Smithsonian exhibit on display at MCHAM

Published 8:44 am Thursday, February 16, 2017

The Smithsonian Institution opened its newest museum, the National Museum of African American History and Culture Sept. 24, 2016. The celebration continues and reaches beyond Washington, D.C., to Demopolis as the Marengo County History & Archives Museum at the Rosenbush Building presents “A Place for All People: Introducing the National Museum of African American History and Culture.” The commemorative poster exhibition is available to view now through Feb. 28 during regular museum hours.
“A Place for All People: Introducing the National Museum of African American History and Culture” is a commemorative poster exhibition celebrating the opening of the Smithsonian’s newest museum Sept. 24, 2016. Based on the inaugural exhibitions of the museum, the posters highlight key artifacts that tell the rich and diverse story of the African American experience. “A Place for All People” is organized by the Smithsonian Institution Traveling Exhibition Service (SITES) in collaboration with the museum
Organized by the Smithsonian Institution Traveling Exhibition Service (SITES) in collaboration with the National Museum of African American History and Culture, “A Place for All People” highlights key artifacts that tell the rich and diverse story of the African American experience. From the child-size shackles of a slave and the clothing worn by Carolotta Walls on her first day at Little Rock Central High School to Chuck Berry’s Gibson guitar, “Maybellene,” and the track shoes worn by Olympian Carl Lewis, the exhibition presents a living history that reflects challenge, triumph, faith and hope.
The poster exhibition and related public programs are an opportunity for the Marengo County History & Archives Museum to showcase its work in sharing the many stories of African American and African diaspora people and their contributions to the local community and the American story. On Thursday, Feb. 23, the Marengo County History & Archives Museum will present a reception and program at 6 p.m. with keynote speaker, Dr. Maurice J. Hobson, assistant professor of African America Studies at Georgia State University. Dr. Hobson is the son of the Joy Hobson, and late Marvin V. Hobson, both educators in Selma. On Saturday, Feb. 25, from noon to 2 p.m., the museum will host a Roundtable Discussion: “Your Ancestors’ Contribution to the Community and American Society.” A light lunch will be provided.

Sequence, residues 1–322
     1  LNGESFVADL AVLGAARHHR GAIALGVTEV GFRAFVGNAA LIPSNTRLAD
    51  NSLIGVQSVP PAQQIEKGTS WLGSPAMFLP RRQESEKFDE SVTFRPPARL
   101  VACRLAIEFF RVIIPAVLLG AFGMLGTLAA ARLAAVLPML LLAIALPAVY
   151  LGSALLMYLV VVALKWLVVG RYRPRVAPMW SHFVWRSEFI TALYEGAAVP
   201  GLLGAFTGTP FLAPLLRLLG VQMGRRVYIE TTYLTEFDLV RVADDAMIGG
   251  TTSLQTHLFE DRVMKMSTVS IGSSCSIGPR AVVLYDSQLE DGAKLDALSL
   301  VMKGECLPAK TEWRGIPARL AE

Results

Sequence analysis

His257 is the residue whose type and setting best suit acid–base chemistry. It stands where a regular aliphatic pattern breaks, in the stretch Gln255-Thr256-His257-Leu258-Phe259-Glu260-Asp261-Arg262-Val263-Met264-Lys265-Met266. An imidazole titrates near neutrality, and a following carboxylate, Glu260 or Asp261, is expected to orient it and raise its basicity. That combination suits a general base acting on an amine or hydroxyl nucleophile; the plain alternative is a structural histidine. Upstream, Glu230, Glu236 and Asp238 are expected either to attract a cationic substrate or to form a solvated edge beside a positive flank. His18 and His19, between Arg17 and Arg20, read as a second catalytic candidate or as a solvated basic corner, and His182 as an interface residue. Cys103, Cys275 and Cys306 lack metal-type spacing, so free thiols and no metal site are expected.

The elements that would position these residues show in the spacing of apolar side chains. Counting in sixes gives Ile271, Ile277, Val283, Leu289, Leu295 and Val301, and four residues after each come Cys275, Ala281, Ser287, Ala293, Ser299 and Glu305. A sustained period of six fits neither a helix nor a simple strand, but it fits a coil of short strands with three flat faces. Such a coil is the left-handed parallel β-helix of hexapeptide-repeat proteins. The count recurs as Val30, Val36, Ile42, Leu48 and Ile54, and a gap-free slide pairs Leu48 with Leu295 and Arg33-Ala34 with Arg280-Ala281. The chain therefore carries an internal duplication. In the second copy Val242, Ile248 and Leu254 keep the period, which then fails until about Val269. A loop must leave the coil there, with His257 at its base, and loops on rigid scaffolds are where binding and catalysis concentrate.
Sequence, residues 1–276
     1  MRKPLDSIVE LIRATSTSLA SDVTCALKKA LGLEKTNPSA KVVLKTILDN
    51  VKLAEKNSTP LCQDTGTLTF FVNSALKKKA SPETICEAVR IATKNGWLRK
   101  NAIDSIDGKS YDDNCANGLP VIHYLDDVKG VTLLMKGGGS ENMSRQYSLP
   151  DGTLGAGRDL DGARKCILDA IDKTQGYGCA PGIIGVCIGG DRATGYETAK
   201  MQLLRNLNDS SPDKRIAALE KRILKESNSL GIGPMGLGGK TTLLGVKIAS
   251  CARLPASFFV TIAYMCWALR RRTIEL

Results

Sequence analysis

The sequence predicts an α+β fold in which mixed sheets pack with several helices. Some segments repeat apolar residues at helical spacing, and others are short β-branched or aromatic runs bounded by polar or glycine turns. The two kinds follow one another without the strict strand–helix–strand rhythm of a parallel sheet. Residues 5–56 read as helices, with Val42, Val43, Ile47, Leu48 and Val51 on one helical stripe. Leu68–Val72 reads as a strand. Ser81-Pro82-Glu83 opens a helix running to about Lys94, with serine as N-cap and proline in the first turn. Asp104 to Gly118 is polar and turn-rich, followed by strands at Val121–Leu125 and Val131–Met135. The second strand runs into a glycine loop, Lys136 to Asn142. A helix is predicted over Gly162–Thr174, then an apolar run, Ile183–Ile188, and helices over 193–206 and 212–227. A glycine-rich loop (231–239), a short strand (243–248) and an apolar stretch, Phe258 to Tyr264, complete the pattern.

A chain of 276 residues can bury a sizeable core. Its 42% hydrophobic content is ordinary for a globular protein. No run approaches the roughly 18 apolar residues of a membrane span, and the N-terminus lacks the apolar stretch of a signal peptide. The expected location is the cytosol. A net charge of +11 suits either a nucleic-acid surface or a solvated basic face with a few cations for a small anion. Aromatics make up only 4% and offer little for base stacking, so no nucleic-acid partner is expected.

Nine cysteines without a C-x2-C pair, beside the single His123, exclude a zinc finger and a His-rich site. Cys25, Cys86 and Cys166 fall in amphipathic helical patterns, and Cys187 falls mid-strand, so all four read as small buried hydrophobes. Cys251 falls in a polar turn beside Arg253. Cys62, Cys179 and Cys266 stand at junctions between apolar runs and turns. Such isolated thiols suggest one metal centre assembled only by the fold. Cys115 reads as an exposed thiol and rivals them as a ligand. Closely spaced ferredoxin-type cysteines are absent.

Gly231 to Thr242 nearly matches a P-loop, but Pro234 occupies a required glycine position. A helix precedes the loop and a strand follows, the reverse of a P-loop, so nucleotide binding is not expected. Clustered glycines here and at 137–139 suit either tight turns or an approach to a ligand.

The journey to establish the National Museum of African American History & Culture began a century ago with a call for a national memorial to honor the contributions of African American Civil War veterans. After decades of efforts by private citizens, organizations and members of Congress, federal legislation was passed in 2003 to create the National Museum of African American History and Culture. Since then, thousands of artifacts have been collected to fill the inspiring new building that has risen on the National Mall. Through its exhibitions and programs, the museum provides a shared lens to view the nation’s history and the possibility for hope and healing. It is a place where all can gather to remember, reflect and embrace America’s story: a place for all people. For more information, visit nmaahc.si.edu.
SITES has been sharing the wealth of Smithsonian collections and research programs with millions of people outside Washington, D.C., for 65 years. SITES connects Americans to their shared cultural heritage through a wide range of exhibitions about art, science and history, which are shown wherever people live, work and play. For exhibition description and tour schedules, visit sites.si.edu.